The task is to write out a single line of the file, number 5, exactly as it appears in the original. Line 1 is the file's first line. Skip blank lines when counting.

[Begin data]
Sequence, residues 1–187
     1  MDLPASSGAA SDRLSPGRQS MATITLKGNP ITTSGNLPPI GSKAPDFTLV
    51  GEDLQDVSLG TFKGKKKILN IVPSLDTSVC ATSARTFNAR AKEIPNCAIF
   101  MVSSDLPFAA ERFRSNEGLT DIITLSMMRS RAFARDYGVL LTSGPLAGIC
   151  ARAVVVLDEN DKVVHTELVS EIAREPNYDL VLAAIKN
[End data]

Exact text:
   151  ARAVVVLDEN DKVVHTELVS EIAREPNYDL VLAAIKN